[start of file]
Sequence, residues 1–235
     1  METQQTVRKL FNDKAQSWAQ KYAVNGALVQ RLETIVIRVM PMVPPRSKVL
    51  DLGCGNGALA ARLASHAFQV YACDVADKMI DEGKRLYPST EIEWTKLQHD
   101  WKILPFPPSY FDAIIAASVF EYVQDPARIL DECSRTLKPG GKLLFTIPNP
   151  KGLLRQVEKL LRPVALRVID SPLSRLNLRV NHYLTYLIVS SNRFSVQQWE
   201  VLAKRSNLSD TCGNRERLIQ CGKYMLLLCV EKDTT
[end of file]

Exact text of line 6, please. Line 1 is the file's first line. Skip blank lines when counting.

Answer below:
   201  VLAKRSNLSD TCGNRERLIQ CGKYMLLLCV EKDTT